Texas blast draws attention to overuse of fertilizers
NOTE: A reader alerted me to the disconnect between the nitrogen fertilizer at issue in the West plant explosion, and the problematic phosphorous runoff I discuss later in the post. To clarify: Most fertilizer used on farm fields contains a blend of nitrogen and phosphorous, and both substances are known to run off the land and lead to harmful algae growth in waterways.
The investigation continues into last week's fire and explosion at West Fertilizer Company that killed 15 people and injured 200 in Texas. The blast destroyed the fertilizer facility and nearby houses, and devastated the small town of West, Texas.
The company sold ammonium nitrate and anhydrous ammonia, both commonly used as fertilizers. Investigators have said they're not sure how much was on site at the time because plant records were destroyed in the explosion.
Nitrogen-based fertilizers make today's industrial-scale farming possible. But the West explosion has people questioning the broadening use of them. Tom Laskaway, head of the Food and Environment Reporting Network, wrote this in Grist.org:
"But while the explosion last week was spectacular and tragic, the lives lost there and the pain the community of West, Texas, is suffering offer a window into a much larger battle concerning the overuse of nitrogen fertilizers on American farmland."
U.S. farmers apply over 11 million tons of nitrogen fertilizers to farm fields every year. Most of that is ammonium nitrate.
While New York isn't a leader in planting fertilizer-hungry commodity crops, the value of corn, soybeans, and wheat has "increased greatly" in NY over the past five years, according to the NY Corn and Soybean Growers Association. So we have reason to pay attention.
Problems of possible explosions aside, more fertilizer is often applied to on farm fields than plants can absorb. It washes out of the soil and into nearby streams and other waterways. Laskaway writes, "or evaporates into the atmosphere in the form of nitrous oxide, a potent greenhouse gas."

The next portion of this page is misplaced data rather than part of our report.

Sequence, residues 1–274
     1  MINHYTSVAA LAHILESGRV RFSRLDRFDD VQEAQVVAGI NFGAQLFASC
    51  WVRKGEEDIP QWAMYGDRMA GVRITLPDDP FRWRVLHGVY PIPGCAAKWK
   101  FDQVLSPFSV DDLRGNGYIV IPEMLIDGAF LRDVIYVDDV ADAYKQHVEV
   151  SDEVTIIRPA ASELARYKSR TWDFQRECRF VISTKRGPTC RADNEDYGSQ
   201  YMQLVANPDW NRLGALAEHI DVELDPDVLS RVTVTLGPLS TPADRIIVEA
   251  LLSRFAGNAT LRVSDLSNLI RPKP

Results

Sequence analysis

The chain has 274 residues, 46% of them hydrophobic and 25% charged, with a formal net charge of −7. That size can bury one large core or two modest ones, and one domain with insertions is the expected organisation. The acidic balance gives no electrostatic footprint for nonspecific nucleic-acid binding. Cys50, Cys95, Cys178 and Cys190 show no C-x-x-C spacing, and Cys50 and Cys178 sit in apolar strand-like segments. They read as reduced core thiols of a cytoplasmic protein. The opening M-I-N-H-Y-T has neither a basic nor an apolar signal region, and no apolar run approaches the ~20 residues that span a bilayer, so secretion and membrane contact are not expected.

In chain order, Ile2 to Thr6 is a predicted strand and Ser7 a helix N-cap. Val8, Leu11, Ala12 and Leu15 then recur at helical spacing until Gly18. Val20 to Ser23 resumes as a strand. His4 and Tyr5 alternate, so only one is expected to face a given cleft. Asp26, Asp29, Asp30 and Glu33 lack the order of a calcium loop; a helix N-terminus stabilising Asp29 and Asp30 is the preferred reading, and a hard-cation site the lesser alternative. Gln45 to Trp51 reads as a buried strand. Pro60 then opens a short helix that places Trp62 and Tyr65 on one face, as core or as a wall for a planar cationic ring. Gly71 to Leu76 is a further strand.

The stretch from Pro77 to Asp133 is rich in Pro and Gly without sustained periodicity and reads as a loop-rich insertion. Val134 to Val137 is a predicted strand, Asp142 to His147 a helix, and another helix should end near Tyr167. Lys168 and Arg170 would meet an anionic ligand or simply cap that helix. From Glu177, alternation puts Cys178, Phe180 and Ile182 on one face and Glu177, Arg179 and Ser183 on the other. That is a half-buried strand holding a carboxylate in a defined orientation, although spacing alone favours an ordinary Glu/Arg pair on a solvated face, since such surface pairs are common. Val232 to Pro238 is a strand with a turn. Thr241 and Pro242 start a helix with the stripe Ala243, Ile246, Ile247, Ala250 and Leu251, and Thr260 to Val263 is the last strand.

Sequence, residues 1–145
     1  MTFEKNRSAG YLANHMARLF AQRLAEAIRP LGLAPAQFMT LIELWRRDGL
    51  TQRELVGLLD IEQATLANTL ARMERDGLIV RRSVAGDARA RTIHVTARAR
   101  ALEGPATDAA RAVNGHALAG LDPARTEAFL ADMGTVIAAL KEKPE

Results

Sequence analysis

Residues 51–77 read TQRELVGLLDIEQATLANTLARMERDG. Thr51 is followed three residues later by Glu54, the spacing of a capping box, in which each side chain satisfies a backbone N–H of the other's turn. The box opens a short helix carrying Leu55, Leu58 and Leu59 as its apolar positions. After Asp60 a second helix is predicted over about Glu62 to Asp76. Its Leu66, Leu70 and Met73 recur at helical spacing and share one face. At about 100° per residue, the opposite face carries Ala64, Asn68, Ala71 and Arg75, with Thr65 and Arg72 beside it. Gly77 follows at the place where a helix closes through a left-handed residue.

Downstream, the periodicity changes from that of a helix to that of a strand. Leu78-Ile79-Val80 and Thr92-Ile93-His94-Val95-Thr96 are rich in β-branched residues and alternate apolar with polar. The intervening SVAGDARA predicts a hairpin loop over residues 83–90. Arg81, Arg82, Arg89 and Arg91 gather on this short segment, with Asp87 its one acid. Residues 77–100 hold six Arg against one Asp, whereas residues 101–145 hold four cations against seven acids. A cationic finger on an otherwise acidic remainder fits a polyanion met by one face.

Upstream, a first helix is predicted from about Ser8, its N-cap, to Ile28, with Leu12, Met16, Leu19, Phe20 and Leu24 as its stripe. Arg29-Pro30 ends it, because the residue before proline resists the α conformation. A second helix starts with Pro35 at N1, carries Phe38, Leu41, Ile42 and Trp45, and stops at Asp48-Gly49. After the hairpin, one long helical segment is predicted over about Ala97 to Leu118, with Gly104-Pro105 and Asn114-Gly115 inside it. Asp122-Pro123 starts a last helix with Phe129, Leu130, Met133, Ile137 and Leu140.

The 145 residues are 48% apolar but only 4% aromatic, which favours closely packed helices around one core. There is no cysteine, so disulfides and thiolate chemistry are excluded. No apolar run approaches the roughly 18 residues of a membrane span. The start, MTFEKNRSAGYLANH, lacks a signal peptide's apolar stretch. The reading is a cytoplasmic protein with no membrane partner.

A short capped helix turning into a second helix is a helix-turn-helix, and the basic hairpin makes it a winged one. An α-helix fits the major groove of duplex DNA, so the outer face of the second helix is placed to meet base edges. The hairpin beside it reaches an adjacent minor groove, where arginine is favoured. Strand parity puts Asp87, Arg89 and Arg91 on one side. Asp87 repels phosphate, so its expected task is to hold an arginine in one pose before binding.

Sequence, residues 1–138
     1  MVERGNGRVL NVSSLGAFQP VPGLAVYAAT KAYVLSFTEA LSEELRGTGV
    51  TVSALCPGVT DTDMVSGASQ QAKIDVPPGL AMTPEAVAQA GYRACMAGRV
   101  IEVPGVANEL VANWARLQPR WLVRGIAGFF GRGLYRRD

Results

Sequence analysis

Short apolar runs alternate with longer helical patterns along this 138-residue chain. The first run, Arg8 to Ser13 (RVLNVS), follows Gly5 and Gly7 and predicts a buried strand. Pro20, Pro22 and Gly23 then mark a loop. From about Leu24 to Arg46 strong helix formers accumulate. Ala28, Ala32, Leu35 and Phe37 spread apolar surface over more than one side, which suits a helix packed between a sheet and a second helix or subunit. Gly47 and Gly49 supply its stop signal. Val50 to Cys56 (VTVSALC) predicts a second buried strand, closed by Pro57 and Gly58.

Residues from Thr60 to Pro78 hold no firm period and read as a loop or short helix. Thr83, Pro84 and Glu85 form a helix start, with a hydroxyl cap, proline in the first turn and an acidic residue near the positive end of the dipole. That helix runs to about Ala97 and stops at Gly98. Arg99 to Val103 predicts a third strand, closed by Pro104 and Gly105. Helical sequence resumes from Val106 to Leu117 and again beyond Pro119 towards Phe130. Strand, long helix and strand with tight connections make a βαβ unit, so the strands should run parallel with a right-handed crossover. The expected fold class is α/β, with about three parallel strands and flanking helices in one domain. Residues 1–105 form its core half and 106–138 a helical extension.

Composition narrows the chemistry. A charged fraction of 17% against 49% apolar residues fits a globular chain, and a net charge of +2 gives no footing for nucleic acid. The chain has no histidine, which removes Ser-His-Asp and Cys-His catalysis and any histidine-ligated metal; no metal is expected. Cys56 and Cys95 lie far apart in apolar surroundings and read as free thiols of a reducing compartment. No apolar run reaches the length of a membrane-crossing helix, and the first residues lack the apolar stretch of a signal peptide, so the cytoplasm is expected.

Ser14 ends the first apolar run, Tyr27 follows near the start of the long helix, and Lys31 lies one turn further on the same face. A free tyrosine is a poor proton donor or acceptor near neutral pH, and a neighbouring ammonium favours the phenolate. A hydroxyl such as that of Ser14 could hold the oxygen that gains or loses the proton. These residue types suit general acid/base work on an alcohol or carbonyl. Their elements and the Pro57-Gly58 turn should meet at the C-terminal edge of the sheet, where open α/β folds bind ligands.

He describes the main environmental and health risks:
"They include threats to climate, to human health through nitrate pollution in drinking water, to fish and other wildlife through fertilizer run-off causing low-oxygen “dead zones” throughout the U.S and the world, and to soil health and thus long-term agricultural productivity."
Through my career, I've heard most about the water quality issues.
It's been well-documented that fertilizer and other substances runoff farms into Mississippi River, end up in the Gulf of Mexico, and cause dead zones.
In 2010, the Ohio Lake Erie Phosphorous Task Force wanted to find out what was causing massive algae blooms, which were using all the oxygen, and choking off other living things in the Lake. It was also dangerous for people and animals to touch it.
The Task Force found that agriculture runoff was the key contributor of phosphorous – and the majority of that – 66-percent – was fertilizer.
So while the people in West, Texas are now living with the sudden impact of the West Fertlizer plant explosion, the rest of us are looking at a slower, less direct impact of these products. And while its use is ubiquitous on American farms, and won't be eliminated, there is good reason to use it more carefully.
Tags: agriculture, commodity crops, fertilizer, water quality